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    Even as I was writing the OP I realized that I believe these to be different takes on the same doctrine. I almost included Perseverance of the Saints, but I see this as identical to Eternal Security. All three have the saved persevering to the end, kept by God. But I have seen two of these three used in a way I do not believe the doctrine was intended to be used.

    Geisler has noted that OSAS is a security to the believer while Perseverance of the Saints is not. Personally, I do not see how one is and the other is not (except that Geisler wants to hold a “point” without conceding to be a flower thumper….if he has any pedals left). MacArthur has noted the difference only in that he says he affirms both. (And I apologize for not having references at hand, as I write this I am not at home).

    Of the three, I’ve seen OSAS misused as an assurance of salvation (which I believe is wrong). I have seen Perseverance of the Saints misused to indicate perseverance in every situation rather than that position of “will be saved” (which I also believe is wrong). I have not seen, or noticed, as much misuse with Eternal Security. But essentially I believe these to be different wordings and emphasis on the same doctrine.

    How do you see Perseverance of the Saints to differ?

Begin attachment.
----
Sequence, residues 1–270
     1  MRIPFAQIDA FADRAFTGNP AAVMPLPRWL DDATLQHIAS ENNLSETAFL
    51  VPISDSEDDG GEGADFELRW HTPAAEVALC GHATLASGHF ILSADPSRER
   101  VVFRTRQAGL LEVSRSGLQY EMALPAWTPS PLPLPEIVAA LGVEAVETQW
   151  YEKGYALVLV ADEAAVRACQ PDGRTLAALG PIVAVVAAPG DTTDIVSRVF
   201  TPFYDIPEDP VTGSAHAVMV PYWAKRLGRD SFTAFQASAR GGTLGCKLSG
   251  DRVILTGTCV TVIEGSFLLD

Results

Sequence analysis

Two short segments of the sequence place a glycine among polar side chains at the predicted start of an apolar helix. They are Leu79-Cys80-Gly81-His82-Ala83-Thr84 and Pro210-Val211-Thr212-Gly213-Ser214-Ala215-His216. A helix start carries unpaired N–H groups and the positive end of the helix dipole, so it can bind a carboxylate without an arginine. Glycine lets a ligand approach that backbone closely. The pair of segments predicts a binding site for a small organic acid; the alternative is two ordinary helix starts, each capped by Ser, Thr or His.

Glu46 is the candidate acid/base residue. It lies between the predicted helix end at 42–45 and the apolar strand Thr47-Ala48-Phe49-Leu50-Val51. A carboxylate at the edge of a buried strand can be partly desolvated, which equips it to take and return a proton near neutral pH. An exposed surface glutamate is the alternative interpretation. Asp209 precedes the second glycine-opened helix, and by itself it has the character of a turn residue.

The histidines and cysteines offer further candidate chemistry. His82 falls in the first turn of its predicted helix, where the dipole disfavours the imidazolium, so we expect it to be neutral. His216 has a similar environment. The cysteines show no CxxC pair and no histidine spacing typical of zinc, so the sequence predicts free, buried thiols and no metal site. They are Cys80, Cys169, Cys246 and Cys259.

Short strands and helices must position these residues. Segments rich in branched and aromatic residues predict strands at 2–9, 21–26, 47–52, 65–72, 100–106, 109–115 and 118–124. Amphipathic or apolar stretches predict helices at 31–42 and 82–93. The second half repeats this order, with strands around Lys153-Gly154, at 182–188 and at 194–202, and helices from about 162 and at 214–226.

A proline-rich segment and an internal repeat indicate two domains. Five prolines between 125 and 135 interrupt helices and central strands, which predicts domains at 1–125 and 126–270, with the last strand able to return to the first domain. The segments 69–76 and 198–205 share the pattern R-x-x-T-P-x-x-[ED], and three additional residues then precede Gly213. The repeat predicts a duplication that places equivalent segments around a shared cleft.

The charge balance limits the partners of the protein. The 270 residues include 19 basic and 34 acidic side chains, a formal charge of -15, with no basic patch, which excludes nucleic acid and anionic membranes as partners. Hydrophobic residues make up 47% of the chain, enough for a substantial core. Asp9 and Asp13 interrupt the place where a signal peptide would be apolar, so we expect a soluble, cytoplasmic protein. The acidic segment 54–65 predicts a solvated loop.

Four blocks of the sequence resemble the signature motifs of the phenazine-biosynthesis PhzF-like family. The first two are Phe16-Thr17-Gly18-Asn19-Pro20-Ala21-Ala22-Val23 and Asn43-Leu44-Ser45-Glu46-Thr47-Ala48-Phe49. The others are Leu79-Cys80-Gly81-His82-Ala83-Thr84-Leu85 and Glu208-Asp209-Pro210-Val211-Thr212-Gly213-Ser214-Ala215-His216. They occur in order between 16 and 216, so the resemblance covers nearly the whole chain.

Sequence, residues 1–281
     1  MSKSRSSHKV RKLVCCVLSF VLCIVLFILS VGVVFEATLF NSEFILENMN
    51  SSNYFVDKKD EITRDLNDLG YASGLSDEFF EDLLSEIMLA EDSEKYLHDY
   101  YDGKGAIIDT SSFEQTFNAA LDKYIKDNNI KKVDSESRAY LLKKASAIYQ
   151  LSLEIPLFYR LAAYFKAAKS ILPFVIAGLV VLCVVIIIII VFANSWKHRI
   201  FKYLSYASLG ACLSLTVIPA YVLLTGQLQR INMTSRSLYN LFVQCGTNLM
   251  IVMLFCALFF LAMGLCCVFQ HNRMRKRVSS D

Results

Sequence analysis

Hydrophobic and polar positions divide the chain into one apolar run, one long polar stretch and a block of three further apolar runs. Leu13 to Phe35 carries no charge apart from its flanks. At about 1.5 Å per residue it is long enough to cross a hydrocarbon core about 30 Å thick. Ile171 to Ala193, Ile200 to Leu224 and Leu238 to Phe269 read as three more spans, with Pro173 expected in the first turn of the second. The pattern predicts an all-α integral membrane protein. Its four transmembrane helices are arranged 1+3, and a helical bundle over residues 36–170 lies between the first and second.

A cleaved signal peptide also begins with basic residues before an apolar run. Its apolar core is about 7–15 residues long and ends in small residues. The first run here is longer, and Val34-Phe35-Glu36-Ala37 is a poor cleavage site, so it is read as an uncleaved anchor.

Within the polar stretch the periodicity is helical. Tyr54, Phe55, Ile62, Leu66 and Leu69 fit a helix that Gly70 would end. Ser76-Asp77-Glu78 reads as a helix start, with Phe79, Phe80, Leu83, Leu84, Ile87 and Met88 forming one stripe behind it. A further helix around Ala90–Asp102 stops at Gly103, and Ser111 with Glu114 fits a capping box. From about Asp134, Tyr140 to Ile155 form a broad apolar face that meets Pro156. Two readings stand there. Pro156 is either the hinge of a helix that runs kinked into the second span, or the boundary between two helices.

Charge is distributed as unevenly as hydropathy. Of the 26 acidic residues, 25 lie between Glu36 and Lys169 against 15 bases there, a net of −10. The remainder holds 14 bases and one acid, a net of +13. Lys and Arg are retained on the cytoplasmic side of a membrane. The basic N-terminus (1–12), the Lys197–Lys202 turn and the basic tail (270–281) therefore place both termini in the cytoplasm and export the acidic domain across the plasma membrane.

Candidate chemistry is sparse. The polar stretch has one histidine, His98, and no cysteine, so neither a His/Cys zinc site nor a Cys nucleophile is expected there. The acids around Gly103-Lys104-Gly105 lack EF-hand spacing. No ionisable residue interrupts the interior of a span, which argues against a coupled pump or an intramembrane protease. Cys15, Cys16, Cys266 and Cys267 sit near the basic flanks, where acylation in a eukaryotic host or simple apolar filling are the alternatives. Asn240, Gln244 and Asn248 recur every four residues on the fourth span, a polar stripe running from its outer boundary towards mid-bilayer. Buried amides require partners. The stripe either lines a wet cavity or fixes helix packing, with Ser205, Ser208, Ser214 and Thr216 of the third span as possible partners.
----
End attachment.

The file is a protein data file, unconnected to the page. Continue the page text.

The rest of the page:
8. JonC

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    Thankfully no one has interjected with the argument against eternal security (as that isn't the topic here). I agree with MacArthur.
     
  9. Iconoclast

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    POS...provides the complete definition from God's electing ,calling,gracing,the person with salvation from sin,to God's enabling grace in sanctification, through trials, that the person will continue on in faith and obedience. It spells it all out touching on every essential point.

    Eternal security focuses on being kept by God, but many times does not focus on the sanctification aspect as if the person does not have to pursue holiness in the life by godly means.

    Osas comes with baggage that those who believe the carnal Christian heresy teach and have posted even here on BB, that once a person has made a profession,they cannot lose that salvation even if they blaspheme and go into apostasy.
     
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  10. JonC

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    Do you believe that the doctrines themselves are wrong or the "baggage" that may accompany them?

    The reason that I ask is my church teaches OSAS, but they also emphasize discipleship and sanctification, denying that believers will ever be mastered by sin. I'm still leaning towards all three being different takes on the same doctrine (personally, I prefer "eternal security" because I think as a stand alone doctrine is it more precise...less "baggage", perhaps).
     
  11. ReformedBaptist

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    Perhaps some of the difficulty comes in from how the OSAS concept has been viewed and practiced, by some, who have clung to a decision they made or a baptism they had and then tell themselves they are ok no matter how wicked they are living. In other words, their faith is fire insurance. They are no different than the papist who goes to mass to "pay" for his sins so he may run out and sin all the more.

    I think the 1689 confession states the Bible's teaching the best.
     
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  12. tyndale1946